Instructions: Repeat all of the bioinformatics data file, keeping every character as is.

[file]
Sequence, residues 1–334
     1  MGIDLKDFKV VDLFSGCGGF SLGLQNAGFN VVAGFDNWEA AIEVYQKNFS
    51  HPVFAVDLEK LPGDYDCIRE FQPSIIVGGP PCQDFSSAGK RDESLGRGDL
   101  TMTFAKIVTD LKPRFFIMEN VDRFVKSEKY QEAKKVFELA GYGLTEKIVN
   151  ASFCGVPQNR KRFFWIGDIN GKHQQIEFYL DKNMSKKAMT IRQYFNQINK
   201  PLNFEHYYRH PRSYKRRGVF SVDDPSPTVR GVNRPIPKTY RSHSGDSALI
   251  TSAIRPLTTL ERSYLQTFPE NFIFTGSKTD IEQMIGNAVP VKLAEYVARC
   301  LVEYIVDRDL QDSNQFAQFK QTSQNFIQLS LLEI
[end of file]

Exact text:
Sequence, residues 1–334
     1  MGIDLKDFKV VDLFSGCGGF SLGLQNAGFN VVAGFDNWEA AIEVYQKNFS
    51  HPVFAVDLEK LPGDYDCIRE FQPSIIVGGP PCQDFSSAGK RDESLGRGDL
   101  TMTFAKIVTD LKPRFFIMEN VDRFVKSEKY QEAKKVFELA GYGLTEKIVN
   151  ASFCGVPQNR KRFFWIGDIN GKHQQIEFYL DKNMSKKAMT IRQYFNQINK
   201  PLNFEHYYRH PRSYKRRGVF SVDDPSPTVR GVNRPIPKTY RSHSGDSALI
   251  TSAIRPLTTL ERSYLQTFPE NFIFTGSKTD IEQMIGNAVP VKLAEYVARC
   301  LVEYIVDRDL QDSNQFAQFK QTSQNFIQLS LLEI